One Secret to Quality Software

the spoken word version

They ask us for quality.

What is “quality”?

“Well, free of defects.”

(Oh it’s a lot more than that.)

What is a “defect”?

“Well, when it doesn’t work like we expect it to. Like we agreed it should.”

Trust me, you didn’t specify how it works. That’s my job, as a developer.

To organize all that “what,” all that “how,” until it’s so incredibly specific that it can be done without thought — it can done by a machine.

Programming is hard.

Yet that is only the beginning.

You want more than you wrote down in that user story.

Quality is also: user experience. The software is up, it’s responsive, it’s clear, it’s pretty, it’s fast enough, it does enough at the same time. It works smoothly with all the other software.

And then there’s everything you didn’t write down that you want it NOT to do.

Don’t show my data to anyone but me.
Don’t do useless work, or evil work.
Don’t get inconsistent no matter the input.

Quality is doing all these unnamed things and not doing all these other unnamed things.

all from this tiny user story that I turn into actions by the computer.

Software is hard.

Yet that is only the middle.

You want more than you’ve written down YET.

Next week, you’ll ask me to change it again, so that this feature works another way while every other feature ever mentioned (or never mentioned) stays in place.

And while the landscape changes, while the tech we build atop updates and upgrades and moves underneath us. Keep that modern, too!

Quality is continual change.

Software development is hard.

How am I supposed to do all this?

To keep all this straight? So even a machine can understand?

“Engineering Discipline!”

Clean Code. Test-driven development. Functional programming. Microservices. Refactoring. Pair programming. Think about security.

How does that help?

I’ve been developing software for 20 years, and I think I finally figured it out.

The one thing, the key factor that leads to quality software
That makes a 10x developer
That a good architect or lead developer or high-level IC has.

It’s not a programming language.
Not some agile process.

The good news is, you can get some of it.
The bad news is, you have to get it over and over.

The golden key to excellence is: a strong mental model of how the system works in context.

How it works on the tech, sure, you need that. Bigger: how the software works within the business it serves. How it interconnects with the rest of software. How it fits in the customer’s life.

And how it works with you, in a symmathesy with the team. The flow from your head to deployment to results.

You might say, well duh Jess, of course we have to understand what we’re building —

But we don’t. We can’t. Our business and software and tech stack and customers are complex waaay beyond what we can model fully in our heads. And they’re always changing. The tech updates, the people move and change.

And when you start a new project, you start over.

This mental model is never something we have and keep. We grow it. We keep growing it.

This is not easy. But it is powerful.

Understanding leads to quality in all its forms.

Of course an inaccurate or missing mental model of the system leads to bugs. Usually the kind where “I didn’t know I needed to look over there.”

More: understanding our software in context makes a user experience.

“The customer wants to enter a credit card so that they can pay.”

Knowing how credit card payments work means, I can tell them when they mistyped one digit. There’s a checksum function for that.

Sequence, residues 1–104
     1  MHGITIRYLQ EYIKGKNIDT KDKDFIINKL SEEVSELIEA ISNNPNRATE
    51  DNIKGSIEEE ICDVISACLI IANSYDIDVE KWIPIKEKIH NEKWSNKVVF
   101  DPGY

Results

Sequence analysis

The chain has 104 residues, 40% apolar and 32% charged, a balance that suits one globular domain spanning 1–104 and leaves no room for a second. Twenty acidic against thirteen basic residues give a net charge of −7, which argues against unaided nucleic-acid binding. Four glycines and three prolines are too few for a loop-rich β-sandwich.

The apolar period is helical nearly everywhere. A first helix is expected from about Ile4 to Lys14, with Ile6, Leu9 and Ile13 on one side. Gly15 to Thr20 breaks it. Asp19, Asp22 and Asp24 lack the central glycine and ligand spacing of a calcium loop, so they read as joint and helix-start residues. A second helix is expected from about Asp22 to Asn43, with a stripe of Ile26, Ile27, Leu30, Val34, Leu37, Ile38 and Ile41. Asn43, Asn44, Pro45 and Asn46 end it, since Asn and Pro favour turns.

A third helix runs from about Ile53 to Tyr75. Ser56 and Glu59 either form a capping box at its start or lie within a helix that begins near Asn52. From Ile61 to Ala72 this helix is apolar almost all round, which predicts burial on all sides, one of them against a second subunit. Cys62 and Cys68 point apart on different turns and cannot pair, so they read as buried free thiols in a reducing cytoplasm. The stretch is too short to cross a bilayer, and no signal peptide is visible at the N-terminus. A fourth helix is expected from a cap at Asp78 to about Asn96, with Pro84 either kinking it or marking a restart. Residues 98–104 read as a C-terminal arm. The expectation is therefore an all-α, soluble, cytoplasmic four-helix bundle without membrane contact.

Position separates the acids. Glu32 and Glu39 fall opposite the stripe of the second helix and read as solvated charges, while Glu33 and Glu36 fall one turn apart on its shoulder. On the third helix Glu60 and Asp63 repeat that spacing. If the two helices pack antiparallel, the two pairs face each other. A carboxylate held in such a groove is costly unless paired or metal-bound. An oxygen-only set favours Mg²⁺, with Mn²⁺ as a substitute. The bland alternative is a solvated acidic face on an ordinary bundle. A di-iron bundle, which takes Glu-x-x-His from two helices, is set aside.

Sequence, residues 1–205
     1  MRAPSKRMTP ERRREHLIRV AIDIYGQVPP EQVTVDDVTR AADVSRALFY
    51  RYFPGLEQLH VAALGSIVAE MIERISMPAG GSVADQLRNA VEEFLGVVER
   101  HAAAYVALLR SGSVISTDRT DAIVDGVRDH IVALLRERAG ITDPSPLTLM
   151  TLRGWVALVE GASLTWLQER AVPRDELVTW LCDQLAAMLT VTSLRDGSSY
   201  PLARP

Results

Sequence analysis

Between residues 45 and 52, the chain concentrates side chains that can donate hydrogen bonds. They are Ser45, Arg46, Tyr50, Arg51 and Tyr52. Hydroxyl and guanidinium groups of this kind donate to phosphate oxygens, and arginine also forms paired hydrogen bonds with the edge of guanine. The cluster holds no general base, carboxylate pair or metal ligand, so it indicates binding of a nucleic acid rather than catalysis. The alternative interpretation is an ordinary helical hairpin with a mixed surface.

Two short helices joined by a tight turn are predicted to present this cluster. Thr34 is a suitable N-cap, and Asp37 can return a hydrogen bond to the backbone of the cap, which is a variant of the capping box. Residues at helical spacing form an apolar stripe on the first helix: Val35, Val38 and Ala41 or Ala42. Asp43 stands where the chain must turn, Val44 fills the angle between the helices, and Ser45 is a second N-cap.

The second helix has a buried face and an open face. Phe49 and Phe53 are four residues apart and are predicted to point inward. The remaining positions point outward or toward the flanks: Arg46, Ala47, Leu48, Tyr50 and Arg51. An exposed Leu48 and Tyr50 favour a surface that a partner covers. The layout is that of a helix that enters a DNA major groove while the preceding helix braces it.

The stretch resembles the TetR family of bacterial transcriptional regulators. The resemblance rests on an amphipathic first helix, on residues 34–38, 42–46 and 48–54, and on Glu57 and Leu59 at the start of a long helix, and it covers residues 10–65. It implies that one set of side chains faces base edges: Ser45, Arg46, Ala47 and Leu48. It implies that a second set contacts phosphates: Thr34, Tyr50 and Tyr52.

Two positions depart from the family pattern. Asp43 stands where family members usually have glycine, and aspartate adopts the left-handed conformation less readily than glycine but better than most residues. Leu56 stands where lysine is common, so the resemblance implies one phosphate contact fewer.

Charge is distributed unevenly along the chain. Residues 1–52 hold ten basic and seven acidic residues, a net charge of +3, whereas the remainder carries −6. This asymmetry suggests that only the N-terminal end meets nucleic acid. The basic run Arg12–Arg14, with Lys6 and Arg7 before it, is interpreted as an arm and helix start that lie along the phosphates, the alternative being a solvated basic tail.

Understanding that this customer is in a public place, I can display fewer of those digits.
Understanding that authorization takes a while, I can show a loading screen, which is responsive.
Understanding that they’re paying for something that won’t be shipped right away, I can warn them that a debit card will place a hold on funds in their account.
Understanding the confidentiality of this data means that if I must store it, I put that in a separate service from everything else. I can find boundaries.

Boundaries give me a piece of the system that I can actually model.

They let me focus my understanding. Microservices help when they give us boundaries around a manageable amount of software. (Don’t forget to understand the inside and the in-between.)

How do we build up this mental model?

Engineering disciplines, done in the spirit of their invention, lead to understanding.

Clean code reflects our mental model, it gives it back to us when we return to that piece of the program.

Test-driven development makes us state what the code needs to do before we write it. And it forces us to leave boundaries.

Refactoring says, update the code to our current understanding before we change it.

Pair programming and mob programming push us to put our beliefs and decisions into words, to make them solid. And we spread them among the team, develop a reconciled mental model that we all share.

Functional programming makes it clear what code won’t do, within boundaries.

Domain driven design is my favorite discipline, because it aims directly for understanding, shared by developers, business, and the code itself: Explicit boundaries and clearly defined meaning with and between them.

Thinking about security — this one surprised me. It turns out starting with security leads to questions that lead to understanding. Like, what is this string? sixteen digits? not just any digits. How sensitive is it? Must we keep it? How long? What errors can happen?
These questions deepen our understanding of the system outside and inside
our software.

That’s how engineering disciplines work.

In the end, we create software out of understanding.
The code is only as strong as our shared mental model of how the software works in context.

Aim for that, and quality will be yours.